Nature center idea discussed in Dunsmuir

Richard DuPertuis
Senior grants specialist Bruce Irwin, second from right, discusses grant-funded project administration Friday with community representatives on a path near the park amphitheater, site of a proposed Dunsmuir Nature Center project. He said that if the grant is accepted, 25% of the $3 to 7 million will go into project management, a task councilman Mario Rubino, second from left, wanted undertaken by someone other than the city. Others listening were, left to right, DBG members Harriet Alto and Judy Harvey, Carl Alto, and River Exchange board member Chris Stromsness.

After a flurry of last-minute meetings and phone calls Friday, National Grants Services' Bruce Irwin reported that Tauhindauli Park in Dunsmuir will be listed as an alternate site for a nature center in his application for a $3 to 7 million grant. He also stated that another site he discovered just that morning, a swath of land alongside the river just north of City Park, would be listed as first choice.

“This is it!” he had declared excitedly in the City Hall earlier Friday. “We can build a loop trail to the botanical gardens. It's perfect!” Park and Recreation Board chair Brian Wilson reacted to Irwin's enthusiasm with cautious optimism. “Personally, I'd like to see this happen,” he said. “But I hesitate to just change the decision we all made last night. That was a painful process.”

Wilson was referring to a town hall meeting he had attended at the Dunsmuir Parks and Recreation office Thursday night. There, senior grants specialist Irwin had presented a proposal for a nature center in City Park to an audience comprised of fifteen community leaders, including the mayor and two city council members, Parks and Recreation Board members and board members of Dunsmuir Botanical Gardens. He received stiff opposition for the location but support for the plan itself.

Irwin called Proposition 84's intent for community parks development a perfect fit for an educational nature center in Dunsmuir. He described stone walkways leading to a open riparian habitat, an interpretive center with gift store and a stream profile chamber, an aquarium simulating a cross section of nearby river life, stocked with live, indigenous fish and aquatic plants.

Irwin asked those present if they even wanted such a facility. “Yes,” replied Botanical Gardens board member Harriet Alto, “But not in Botanical Gardens.” Mayor Peter Arth said that when the City Council had contracted Irwin's services last March, the site being considered was Tauhindauli Park. Irwin explained that he had met unexpected resistance to developing a plan for Tauhindauli from the Department of Fish and Game, and that he didn't have time to deal with them and make the deadline for the application, which was one week away.

He apologized for targeting the park area but he stressed, “This is 100% financed by government money. We won't see this kind of opportunity again in my lifetime.”

After a long brainstorming session the audience, by nearly a two thirds majority, selected the site of the amphitheater south of the park as suitable location for the project. Irwin said that he would visit it the following morning and invited anyone interested to meet him there.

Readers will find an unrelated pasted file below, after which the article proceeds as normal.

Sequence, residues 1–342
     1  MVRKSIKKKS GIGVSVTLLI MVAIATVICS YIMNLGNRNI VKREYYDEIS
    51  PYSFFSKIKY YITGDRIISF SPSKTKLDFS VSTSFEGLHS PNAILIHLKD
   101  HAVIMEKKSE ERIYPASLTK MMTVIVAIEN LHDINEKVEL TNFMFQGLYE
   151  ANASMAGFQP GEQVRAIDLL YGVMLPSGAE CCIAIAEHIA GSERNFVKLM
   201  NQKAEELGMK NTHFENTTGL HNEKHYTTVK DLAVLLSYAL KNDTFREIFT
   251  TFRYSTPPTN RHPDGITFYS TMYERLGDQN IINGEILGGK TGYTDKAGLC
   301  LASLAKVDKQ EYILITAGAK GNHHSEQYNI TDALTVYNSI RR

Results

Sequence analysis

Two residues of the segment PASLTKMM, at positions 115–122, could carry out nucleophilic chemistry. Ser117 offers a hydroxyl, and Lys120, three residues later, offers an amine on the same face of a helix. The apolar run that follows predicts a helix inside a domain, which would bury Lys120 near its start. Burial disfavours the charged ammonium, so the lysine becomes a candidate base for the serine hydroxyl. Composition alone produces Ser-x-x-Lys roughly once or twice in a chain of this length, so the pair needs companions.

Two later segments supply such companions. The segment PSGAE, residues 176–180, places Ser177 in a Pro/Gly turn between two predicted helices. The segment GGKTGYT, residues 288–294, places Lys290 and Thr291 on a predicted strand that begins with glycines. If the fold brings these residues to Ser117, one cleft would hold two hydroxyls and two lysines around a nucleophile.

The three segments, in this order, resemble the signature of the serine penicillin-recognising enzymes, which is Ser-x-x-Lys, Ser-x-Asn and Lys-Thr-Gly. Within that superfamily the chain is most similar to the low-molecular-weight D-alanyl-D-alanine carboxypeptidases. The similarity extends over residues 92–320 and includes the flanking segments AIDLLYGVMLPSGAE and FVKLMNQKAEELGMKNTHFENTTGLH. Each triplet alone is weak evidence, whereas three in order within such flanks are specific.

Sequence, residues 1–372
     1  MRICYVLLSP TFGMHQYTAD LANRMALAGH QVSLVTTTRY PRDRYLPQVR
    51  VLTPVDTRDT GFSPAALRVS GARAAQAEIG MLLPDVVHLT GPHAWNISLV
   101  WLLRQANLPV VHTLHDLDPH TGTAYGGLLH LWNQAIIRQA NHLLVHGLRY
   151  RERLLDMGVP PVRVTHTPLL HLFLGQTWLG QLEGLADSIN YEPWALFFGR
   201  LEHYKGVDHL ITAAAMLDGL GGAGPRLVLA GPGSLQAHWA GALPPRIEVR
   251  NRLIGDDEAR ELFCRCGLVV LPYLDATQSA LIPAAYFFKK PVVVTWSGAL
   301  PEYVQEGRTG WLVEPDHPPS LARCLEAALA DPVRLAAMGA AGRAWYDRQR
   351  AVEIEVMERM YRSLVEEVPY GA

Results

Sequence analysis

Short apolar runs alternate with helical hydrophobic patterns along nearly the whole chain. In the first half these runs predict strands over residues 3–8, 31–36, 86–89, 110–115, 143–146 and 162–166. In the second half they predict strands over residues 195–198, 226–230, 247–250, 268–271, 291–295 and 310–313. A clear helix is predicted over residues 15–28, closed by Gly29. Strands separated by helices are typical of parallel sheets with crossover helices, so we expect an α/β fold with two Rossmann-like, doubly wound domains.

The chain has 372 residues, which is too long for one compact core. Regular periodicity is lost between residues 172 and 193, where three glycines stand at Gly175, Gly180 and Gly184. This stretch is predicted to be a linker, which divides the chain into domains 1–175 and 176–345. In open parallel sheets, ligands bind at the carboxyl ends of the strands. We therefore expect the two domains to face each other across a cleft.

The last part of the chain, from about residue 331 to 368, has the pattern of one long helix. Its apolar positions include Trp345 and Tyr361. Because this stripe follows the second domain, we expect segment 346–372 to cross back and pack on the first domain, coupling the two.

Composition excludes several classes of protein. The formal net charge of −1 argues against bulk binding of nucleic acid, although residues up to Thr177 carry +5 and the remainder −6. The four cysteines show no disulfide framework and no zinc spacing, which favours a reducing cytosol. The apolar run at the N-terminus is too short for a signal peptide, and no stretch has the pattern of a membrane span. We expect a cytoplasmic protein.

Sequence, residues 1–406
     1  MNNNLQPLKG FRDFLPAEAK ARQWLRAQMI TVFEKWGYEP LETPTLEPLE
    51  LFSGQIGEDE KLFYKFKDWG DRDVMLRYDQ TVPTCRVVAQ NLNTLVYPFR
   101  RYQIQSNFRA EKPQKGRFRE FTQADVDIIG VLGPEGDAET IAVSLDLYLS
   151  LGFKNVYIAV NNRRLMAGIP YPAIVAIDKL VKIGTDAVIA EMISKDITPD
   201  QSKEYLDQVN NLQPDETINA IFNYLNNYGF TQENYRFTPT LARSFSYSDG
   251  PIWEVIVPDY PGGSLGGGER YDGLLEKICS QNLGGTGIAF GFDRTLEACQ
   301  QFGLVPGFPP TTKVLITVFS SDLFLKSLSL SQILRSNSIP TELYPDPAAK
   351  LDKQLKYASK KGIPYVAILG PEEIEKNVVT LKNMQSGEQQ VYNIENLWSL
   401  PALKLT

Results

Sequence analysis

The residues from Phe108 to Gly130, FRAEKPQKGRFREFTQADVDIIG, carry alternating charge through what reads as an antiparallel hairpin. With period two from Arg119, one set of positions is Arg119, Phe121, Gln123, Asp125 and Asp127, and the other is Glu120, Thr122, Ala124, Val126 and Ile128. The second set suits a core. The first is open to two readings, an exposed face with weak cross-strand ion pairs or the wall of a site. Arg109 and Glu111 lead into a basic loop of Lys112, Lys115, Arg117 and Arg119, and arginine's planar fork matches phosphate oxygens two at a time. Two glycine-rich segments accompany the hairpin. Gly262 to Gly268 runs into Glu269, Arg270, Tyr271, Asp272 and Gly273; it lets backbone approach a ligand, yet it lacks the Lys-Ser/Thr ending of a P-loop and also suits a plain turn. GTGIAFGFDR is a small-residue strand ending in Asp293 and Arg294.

Friday morning, four members of the previous night's audience showed up, along with one new person, River Exchange Board member Chris Stromsness. An impromptu meeting began on the path before the amphitheater.

Councilman Mario Rubino said, “The city doesn't want to be seen as heading this,” he said. He said that the city wants Parks and Recreation involved. He asked that Botanical Gardens or some other organization like that to take charge as lead agency.

Judy Harvey replied, “Dunsmuir has to hold the money.” Irwin agreed stating, “The lead agency holds the money.” He said that if the grant proposal is accepted they would have three years to decide who or what the lead agency would be.

Rubino stressed his point. “Unless the people who want it work it, it won't happen,” he stated flatly. “If the city is the lead agency, it will fail.” Rubino explained that he was concerned about continuity, and worried that a future city administration might “step on the toes of Botanical Gardens.”

 Irwin asserted that the project will cost the people of Dunsmuir nothing. “I want to be very clear,” he said. “If the grant is not approved, the city will be out only the $1000 they paid me.” Irwin was referring to the fee he had charged to apply for the funds. He would receive additional payment, equal to 6% of the amount of the grant, if successful.

Later in the day, Irwin burst excitedly into City Hall. He said that Rubino had shared a vague memory around some property north of City Park, directly on the river. He thought it belonged to Cave Springs owner Louie Dewey. But when Irwin contacted Dewey, the motel owner told Irwin that he had deeded the property, years ago, to the State of California Conservation Board, pending transfer of ownership to the City of Dunsmuir. For an unknown reason, the paperwork on this had stalled somewhere for eight years. If this process were to resume, the city would own the property Irwin planned to highlight in his application.

Later Friday Irwin phoned in to report that he had just made a contact, through which he will be able to schedule a telephone conference with the Department of Fish and Game, including the staff member who he said had blocked his Tauhindauli efforts earlier. Confident of clearing that obstacle, he reported that Tauhindauli Park is back on the table.